Race, identity, and how these have been interpreted in Canadian society have profoundly shaped perspectives policies and actions throughout Canadian history. Examining these topics in the classroom in a respectful open manner gives educators the opportunity to build new alliances and greater cross-cultural understanding between Indigenous and non-Indigenous Canadians.
St. Denis, V. (2007). Aboriginal Education and Anti-racist Education: Building Alliances Across Cultural and Racial Identity. Canadian Journal of Education, 30(4), 1068-1092. (University Library login required)
Ethical engagement and ethical space regard the goal of strike a balance between different ways of knowing (e.g., Indigenous and non-Indigenous) and ensuring that they are created equally and in a manner that invites and encourages dialogue that advances greater recognition of common ground and understanding that extends beyond the institutional limits that people may let themselves be contained by.
Donald, D. (2016). From What Does Ethical Relationality Flow? An Indian Act in Three Artifacts. In J. Seidel & D.W. Jardine (Eds). The Ecological Heart of Teaching: Radical Texts of Refuge and Renewal for Classrooms and Communities. New York, NY: Peter Lang. (University Library login required)
Ermine, W. (2007). The Ethical Space of Engagement. Indigenous Law Journal, 6(1), 193-203.
Ermine, W. (2011). What is Ethical space? (video)
McKegney, S. (2008). Strategies for Ethical Engagement: An Open Letter Concerning Non-Native Scholars of Native Literatures. Studies in American Indian Literatures, 20(4), series 2, 56-67. (University Library login required)
Greater consciousness about the privilege and influence of settlers in Canada can reframe the perspectives from which the relationship between Indigenous and non-Indigenous peoples is viewed. Greater recognition of the advantages and power that settlers benefit from can guide them in the process of reconciliation.
McIntosh, P. (1990). White Privilege: Unpacking the Invisible Knapsack. Independent School, 49(2), 31.
Regan, P. (2010). Unsettling the Settler Within : Indian Residential Schools, Truth Telling, and Reconciliation in Canada. Vancouver: UBC Press. (University Library login required)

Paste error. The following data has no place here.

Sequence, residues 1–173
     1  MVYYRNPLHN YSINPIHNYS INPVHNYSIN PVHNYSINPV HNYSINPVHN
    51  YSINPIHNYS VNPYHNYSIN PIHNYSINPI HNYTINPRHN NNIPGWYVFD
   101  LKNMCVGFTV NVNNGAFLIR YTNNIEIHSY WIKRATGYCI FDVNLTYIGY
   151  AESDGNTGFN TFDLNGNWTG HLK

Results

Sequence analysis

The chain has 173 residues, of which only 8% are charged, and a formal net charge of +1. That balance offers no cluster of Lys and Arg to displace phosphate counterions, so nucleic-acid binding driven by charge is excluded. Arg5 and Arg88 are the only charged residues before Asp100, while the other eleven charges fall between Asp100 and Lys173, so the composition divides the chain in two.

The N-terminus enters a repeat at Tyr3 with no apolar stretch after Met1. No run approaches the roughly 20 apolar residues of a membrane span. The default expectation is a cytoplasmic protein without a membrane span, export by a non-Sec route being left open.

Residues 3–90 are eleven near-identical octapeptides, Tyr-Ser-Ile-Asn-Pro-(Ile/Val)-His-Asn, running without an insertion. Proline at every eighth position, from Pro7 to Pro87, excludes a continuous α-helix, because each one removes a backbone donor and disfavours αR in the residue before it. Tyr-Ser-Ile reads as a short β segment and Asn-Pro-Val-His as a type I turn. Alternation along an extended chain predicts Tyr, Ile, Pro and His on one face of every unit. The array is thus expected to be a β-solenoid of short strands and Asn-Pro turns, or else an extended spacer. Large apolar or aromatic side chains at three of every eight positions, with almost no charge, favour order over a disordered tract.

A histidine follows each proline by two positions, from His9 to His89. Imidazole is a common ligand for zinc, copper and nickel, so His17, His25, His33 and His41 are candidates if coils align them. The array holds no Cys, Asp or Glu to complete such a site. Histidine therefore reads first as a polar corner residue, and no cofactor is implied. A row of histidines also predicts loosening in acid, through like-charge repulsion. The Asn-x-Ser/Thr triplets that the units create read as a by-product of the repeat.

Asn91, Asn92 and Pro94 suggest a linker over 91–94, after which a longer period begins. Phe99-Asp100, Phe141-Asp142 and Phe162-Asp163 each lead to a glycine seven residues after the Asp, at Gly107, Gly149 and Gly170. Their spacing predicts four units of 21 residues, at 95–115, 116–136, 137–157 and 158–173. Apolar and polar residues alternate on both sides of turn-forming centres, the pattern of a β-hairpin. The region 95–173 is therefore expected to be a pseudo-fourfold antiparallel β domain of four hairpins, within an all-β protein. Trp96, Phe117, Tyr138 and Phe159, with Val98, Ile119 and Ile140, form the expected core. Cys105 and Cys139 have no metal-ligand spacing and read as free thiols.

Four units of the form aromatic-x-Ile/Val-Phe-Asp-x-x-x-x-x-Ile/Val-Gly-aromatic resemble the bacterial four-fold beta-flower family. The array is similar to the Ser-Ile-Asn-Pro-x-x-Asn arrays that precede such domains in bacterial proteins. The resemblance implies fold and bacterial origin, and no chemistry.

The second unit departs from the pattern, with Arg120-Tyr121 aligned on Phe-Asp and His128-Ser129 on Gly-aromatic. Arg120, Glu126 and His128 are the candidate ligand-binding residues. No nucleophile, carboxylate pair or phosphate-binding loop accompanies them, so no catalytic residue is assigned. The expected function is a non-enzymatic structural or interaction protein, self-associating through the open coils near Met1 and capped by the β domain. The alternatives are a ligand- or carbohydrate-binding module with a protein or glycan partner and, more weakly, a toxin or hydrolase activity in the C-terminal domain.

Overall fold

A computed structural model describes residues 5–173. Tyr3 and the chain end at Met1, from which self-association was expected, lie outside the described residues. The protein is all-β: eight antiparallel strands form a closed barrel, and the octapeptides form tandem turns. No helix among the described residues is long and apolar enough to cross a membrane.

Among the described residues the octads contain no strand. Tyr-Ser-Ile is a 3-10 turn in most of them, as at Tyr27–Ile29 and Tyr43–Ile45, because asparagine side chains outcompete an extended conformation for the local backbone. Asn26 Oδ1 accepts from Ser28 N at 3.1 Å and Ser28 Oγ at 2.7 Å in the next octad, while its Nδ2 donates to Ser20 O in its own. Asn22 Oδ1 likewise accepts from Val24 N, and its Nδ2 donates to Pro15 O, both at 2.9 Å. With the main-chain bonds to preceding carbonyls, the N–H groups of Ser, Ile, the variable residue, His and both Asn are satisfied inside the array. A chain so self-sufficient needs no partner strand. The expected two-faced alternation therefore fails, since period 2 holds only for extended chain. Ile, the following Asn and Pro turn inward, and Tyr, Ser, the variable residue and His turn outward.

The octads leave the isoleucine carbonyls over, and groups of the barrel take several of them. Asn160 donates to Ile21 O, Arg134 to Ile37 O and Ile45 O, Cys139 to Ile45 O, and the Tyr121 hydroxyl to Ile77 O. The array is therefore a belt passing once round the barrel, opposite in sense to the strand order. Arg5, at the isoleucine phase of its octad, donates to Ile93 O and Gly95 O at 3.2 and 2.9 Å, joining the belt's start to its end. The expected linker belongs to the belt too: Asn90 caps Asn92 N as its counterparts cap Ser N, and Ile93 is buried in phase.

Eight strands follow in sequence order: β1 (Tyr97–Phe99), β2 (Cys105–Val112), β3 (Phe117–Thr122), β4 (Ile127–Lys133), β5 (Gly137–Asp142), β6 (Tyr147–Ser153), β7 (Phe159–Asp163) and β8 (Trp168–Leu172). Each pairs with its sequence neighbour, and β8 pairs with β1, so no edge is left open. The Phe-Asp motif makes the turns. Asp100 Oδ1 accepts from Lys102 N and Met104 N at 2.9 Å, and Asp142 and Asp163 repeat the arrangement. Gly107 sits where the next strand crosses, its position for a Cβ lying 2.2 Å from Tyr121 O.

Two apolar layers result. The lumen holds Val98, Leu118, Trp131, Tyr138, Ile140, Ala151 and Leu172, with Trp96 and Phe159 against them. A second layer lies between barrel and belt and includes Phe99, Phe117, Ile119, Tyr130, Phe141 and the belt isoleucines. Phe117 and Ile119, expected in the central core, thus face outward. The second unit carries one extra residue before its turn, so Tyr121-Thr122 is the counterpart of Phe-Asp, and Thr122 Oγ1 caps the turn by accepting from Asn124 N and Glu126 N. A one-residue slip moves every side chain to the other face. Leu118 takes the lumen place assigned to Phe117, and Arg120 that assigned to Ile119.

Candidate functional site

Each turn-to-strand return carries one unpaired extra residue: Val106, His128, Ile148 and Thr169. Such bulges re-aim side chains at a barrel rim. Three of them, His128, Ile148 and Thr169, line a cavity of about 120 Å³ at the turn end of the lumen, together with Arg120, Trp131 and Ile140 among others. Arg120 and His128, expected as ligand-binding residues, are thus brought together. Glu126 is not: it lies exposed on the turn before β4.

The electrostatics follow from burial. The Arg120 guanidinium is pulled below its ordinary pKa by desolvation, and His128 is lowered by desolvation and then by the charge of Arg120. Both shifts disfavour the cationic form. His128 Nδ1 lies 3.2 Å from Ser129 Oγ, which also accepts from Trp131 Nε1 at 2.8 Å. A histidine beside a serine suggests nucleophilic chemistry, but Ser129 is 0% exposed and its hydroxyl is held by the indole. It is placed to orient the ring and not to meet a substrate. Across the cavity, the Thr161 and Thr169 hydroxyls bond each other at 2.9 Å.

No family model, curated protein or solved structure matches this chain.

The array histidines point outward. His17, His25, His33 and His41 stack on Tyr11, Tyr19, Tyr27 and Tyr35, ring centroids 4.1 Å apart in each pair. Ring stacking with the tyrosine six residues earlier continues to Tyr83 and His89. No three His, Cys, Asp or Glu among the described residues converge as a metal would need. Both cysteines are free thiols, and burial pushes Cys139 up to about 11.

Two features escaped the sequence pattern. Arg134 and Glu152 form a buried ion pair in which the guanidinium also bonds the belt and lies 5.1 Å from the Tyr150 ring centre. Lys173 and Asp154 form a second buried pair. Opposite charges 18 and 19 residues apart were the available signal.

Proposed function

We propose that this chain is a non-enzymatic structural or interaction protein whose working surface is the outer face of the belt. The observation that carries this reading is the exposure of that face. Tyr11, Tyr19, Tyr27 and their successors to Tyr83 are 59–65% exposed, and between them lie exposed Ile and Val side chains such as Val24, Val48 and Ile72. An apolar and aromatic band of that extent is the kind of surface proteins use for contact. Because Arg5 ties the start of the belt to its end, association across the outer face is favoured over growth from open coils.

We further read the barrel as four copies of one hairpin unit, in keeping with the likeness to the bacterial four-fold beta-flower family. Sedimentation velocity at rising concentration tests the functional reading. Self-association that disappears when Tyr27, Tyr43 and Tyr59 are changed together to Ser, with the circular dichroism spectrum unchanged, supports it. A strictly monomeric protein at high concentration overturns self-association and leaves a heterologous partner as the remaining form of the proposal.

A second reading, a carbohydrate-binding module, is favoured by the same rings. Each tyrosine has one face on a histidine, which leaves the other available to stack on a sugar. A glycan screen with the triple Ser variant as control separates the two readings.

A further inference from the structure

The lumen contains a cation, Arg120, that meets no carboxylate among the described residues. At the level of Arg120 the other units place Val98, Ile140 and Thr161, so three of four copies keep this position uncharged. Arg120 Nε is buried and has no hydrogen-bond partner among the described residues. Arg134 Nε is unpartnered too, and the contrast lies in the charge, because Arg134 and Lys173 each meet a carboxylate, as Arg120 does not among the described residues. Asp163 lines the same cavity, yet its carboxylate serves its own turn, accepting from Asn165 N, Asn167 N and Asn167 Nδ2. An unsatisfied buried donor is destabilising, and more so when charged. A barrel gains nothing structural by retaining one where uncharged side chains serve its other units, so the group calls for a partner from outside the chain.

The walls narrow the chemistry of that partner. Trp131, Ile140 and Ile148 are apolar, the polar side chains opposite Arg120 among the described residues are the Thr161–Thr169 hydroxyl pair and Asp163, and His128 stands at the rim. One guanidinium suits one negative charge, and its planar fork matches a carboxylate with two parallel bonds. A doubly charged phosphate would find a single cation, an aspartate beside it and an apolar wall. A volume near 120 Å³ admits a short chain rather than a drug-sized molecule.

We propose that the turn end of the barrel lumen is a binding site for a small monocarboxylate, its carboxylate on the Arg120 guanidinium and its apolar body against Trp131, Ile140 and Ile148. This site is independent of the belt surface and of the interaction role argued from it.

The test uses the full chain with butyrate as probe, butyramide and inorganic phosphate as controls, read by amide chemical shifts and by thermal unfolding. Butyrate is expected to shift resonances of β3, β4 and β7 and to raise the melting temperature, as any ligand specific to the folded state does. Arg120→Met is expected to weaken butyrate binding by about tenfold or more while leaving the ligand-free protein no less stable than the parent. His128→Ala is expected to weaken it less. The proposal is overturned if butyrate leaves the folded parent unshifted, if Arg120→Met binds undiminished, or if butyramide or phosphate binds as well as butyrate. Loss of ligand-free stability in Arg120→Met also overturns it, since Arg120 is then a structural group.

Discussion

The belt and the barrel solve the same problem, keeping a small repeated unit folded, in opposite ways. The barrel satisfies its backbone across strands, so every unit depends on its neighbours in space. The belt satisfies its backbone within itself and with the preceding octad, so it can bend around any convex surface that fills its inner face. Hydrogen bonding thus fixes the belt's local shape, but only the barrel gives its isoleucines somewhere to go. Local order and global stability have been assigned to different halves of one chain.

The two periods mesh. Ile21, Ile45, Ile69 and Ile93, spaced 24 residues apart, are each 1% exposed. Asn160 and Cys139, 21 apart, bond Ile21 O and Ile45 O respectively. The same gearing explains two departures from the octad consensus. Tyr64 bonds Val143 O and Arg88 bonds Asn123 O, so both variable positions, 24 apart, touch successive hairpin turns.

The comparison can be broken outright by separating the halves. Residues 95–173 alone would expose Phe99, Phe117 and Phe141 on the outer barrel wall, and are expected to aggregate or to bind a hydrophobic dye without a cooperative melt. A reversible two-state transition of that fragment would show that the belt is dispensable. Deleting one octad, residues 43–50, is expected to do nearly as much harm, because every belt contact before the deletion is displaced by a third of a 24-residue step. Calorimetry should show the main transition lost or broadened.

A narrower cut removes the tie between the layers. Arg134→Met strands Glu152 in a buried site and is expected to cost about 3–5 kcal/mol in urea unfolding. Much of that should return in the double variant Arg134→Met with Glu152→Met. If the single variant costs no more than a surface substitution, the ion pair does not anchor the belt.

Keep Calm and Decolonize. (2017). A series of six brief videos produced by the CBC done by a variety of film-makers who strive to answer the question, "What would Canada be like if it were decolonized?"
The changes that have impacted Indigenous peoples throughout the colonization of Canada and North America continue to manifest themselves in a variety of manners. The disconnection from language, culture and land that has occurred has caused overwhelming upheavals amongst Indigenous people in all regions of Canada. Healing from the individual and collective traumas that have been experience must occur as a new alliance between settlers and Indigenous peoples takes place.
Brokenleg, M. (2012). Transforming Cultural Trauma into Resilience. Reclaiming children and youth, 21(3), 9-13. (University Library login required)
Kirmayer, L., Dandeneau, S., Marshall, E., Phillips, M. K., & Williamson, J. (2011). Rethinking Resilience from Indigenous Perspectives. Canadian Journal of Psychiatry, 56(2), 84-91. (University Library login required)
Over the course of the last generation, Indigenous artists, politicians, scholars, writers, musicians and activists have reshaped and retold the story of their experiences and have redefined the story of Indigenous people in Canada and started the dialogue that will restore their knowledge and culture to a more significant place in Canadian institutions, culture and politics.
Coulthard, G. (2014). Red Skin White Masks: Rejecting the Colonial Politics of Recognition. Minneapolis, MN: University of Minnesota Press. (University Library login required)
Idle No More calls on all people to join in a peaceful revolution, to honour Indigenous sovereignty, and to protect the land and water.
Red Works Photography is a dynamic photography company empowering contemporary Indigenous lifestyles and cultures through photographic essays, features, and portraits.
Simpson, L. (2011). Dancing on our Turtles Back: Stories of Nishnaabeg Re-creation, Resurgence and a New Emergence. Winnipeg: Arbeiter Ring Publishing. (University Library login required)
The preeminence of Western epistemologies in the post-secondary setting in Canada has institutionalized the marginalization of Indigenous ways of knowing. As Canadian universities strive to integrate more Indigenous scholars into their faculties, there is a need to acknowledge, validate and integrate their ways of knowing within the post-secondary environment.
Donald, D. (2012). Indigenous Métissage: a decolonizing research sensibility. International Journal of Qualitative Studies in Education, 25(5), 533-555.
Leason, J., Lindstrom, G., Murry, A., & Prud'homme-Cranford R. (2017). Reflections on Decolonizing the PhD: A Roundtable. (Video)
Louie, D., Poitras Pratt, Y., Hanson, A. J., & Ottmann, J. (2017). Applying Indigenizing Principles of Decolonizing Methodologies in University Classrooms. Canadian Journal of Higher Education, 47(3), 16-33.